Sunday, November 30, 2008

The Dislocated

I fell asleep in Cincinnati, and woke up 36,000 feet above England
A little lost but still fed by a happiness drawn from the roots of another place
Like a cutting suddenly removed from a garden to a botanist’s specimen box
Carried through customs to a train station and given a free map of London
A color-coded vascular knot of streets that gave me a destination 
The names on signs where I could roll my luggage around with purpose
Up and down the sidewalks where scattered groups of workers smoked
Chatting about their lives and the abundant lies of perception
How much has to be left out for any of it to be useful. 

The St. James on Buckingham Gate has Cuban cigars and Polish waiters
A place to adjust to another time and purchase some much-needed rest
Until the open window of my room in the cool afternoon 
Admits the voices of children playing on an asphalt school ground 
The shouts of familiar words in unfamiliar accents
Strange adverbs of time and place and manner of action
The playground is empty when I finally get out of bed and leave
Take their memory, a gift they never knew they gave, one that cost them nothing
But has it really changed anything?

From London, the road leads west, towards the edge of old Saxon Briton
Where moonrakers once stirred the ponds for cheese
Towards a hilltop with holy wells and steep sides facing south 
To a room in the Old Bell, near where the west wall used to stand 
War makes a village.
Malmesbury pulls me out of my room like water from a spring. 
The sounds of bells from the abbey and the church near the car park 
Small tires on wet pavement on the wrong side of the road
An Alfa Romeo or Audi with a small engine
It is impossible to drive fast on narrow roads with blind curves
So many pedestrians for such a small place
People walk, run towards the center of the old town 
Footsteps on stone sidewalks before stone houses of the same stone 
Is there a stone left in these fields after twenty-five centuries?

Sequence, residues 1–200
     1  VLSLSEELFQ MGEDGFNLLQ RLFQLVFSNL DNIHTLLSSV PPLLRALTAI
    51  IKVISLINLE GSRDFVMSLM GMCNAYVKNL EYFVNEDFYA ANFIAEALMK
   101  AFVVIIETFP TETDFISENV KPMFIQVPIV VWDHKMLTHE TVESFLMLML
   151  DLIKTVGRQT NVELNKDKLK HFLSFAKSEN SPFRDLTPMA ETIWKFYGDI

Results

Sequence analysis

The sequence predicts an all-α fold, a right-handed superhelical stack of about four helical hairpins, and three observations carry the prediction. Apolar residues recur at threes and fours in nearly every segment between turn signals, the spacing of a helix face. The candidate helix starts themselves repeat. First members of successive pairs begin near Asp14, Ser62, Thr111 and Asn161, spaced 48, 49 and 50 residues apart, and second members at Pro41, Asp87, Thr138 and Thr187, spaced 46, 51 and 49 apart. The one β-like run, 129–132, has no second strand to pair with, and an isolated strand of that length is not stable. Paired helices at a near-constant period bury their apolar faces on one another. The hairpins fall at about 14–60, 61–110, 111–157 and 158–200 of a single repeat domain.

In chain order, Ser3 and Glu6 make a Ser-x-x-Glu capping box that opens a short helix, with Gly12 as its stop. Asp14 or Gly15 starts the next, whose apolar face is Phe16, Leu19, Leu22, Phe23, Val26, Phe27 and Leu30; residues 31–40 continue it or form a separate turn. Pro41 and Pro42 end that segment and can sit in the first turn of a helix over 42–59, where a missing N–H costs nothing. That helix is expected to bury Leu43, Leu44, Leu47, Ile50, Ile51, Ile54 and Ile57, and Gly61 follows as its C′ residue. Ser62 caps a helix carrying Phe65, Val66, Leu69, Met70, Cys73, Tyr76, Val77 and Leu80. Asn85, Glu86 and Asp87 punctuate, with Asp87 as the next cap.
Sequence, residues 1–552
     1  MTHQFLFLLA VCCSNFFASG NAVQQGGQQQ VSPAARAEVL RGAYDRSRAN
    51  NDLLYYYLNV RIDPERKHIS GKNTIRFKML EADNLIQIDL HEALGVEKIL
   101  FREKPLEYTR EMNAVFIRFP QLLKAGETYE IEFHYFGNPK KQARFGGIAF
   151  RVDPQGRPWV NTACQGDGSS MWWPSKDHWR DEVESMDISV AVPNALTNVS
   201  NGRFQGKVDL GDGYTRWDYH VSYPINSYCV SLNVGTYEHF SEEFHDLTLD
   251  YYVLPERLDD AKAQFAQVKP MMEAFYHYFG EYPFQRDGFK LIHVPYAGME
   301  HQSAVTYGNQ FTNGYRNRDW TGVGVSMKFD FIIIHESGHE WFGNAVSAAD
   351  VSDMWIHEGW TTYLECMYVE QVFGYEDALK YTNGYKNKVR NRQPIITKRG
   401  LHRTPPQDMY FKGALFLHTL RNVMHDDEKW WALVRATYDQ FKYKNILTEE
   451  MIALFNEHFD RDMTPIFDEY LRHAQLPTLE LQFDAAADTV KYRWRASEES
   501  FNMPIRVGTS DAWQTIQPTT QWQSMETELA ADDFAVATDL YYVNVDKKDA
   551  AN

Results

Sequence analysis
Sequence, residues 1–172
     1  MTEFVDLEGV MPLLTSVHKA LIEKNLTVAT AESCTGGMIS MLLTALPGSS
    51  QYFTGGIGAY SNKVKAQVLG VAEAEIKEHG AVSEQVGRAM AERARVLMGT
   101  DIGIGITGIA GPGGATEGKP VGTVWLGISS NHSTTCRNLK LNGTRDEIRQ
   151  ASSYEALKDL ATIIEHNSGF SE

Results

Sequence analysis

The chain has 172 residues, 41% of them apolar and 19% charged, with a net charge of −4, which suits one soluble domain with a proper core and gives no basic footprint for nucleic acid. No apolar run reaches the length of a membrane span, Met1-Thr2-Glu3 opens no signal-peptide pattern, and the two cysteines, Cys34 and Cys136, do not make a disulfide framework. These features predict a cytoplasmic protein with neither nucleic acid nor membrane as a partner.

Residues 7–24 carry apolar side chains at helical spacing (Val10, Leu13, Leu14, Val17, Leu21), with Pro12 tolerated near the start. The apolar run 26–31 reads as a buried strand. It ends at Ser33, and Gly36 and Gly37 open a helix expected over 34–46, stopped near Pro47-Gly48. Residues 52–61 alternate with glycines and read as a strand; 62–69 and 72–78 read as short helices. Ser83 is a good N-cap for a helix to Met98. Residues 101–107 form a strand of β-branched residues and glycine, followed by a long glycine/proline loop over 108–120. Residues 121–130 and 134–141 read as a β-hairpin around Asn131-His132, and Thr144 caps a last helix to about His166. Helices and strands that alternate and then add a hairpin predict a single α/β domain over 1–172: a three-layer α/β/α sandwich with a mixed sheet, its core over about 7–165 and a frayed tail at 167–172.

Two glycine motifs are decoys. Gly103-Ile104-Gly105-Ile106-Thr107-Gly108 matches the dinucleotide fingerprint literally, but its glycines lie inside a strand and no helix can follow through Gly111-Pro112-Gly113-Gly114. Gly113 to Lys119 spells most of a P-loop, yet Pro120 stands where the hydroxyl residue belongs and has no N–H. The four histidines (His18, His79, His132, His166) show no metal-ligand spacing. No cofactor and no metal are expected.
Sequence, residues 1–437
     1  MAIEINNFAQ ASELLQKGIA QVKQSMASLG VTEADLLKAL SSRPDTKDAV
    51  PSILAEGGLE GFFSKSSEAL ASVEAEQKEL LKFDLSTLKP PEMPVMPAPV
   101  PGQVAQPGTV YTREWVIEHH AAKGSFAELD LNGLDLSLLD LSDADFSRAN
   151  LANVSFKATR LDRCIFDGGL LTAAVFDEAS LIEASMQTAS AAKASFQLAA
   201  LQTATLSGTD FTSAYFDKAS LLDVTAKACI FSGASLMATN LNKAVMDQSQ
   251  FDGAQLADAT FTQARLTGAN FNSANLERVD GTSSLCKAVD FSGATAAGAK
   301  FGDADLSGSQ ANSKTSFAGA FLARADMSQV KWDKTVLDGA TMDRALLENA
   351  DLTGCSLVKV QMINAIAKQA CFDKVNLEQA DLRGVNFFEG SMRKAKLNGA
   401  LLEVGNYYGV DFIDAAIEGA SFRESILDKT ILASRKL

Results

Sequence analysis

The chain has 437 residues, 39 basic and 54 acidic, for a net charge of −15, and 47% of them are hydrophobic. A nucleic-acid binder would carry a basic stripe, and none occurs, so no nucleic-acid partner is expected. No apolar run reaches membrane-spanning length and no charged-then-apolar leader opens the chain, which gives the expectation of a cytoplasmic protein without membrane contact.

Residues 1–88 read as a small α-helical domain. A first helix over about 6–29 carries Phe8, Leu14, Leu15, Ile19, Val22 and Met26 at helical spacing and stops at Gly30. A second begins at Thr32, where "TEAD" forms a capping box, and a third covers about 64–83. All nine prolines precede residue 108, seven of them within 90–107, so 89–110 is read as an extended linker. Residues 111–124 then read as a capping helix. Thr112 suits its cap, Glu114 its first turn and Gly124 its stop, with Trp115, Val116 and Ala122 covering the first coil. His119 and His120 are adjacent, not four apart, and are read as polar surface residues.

If not stones, then certainly children and the old people who follow them
Here bound together by the elastic space between generations
The young are eager to live, to be somewhere other than where they are
Would the silent old ones with canes run if they could
Has the acquisition of so many memories taught them 
Nothing worth keeping is made in just one lifetime?

Something is happening in Malmesbury tonight 
Up the hill from the Ingleburn and the Avon
There is a celebration near the grave of King Athelstan
It draws people up the sidewalks and past straight walls of broken stone
An old man going the opposite way, heading west out of town alone 
Perhaps he forgot something, perhaps he is weary from the hard work of history 
Perhaps he is thinking of the way he used to measure his life in good years 
Now he hopes for a good day or two
A boy runs, two children skip, excited as only the young are
Unconcerned about what they will do and how they will pay for it 
A woman carries a dish covered in aluminum foil, a gift or a product 
A celebration must have food, prepared fresh and enjoyed right away. 

Up Abbey Row, white lights illuminate the old ruins
Strands of bulbs across High Street glow alternating red, green and yellow
Lights above children excited by a taste of freedom, life out of the ordinary
The allure of familiar faces in unfamiliar shades and poses
A night when something, anything might happen, everything might change
Either under the lights or in the dark places of the town
There could be love, or pleasure, or danger, and everything might change again.

A four-piece band that has not missed a meal plays Christmas carols
Just steps away from the ancient dead, behind wet stone and iron
Inflatable playgrounds near Market Cross, the drone of compressors
The living move without fear past the dead in shadows
The living move past stones no more than ornaments
A kind of yard art in the perception of those who do not yet realize 
Everything important begins in a crowd of inconsequential events
Only the passage of time conceals what is lost, reveals what is worth possessing
What should be thrown away, forgotten, or buried in the ground.

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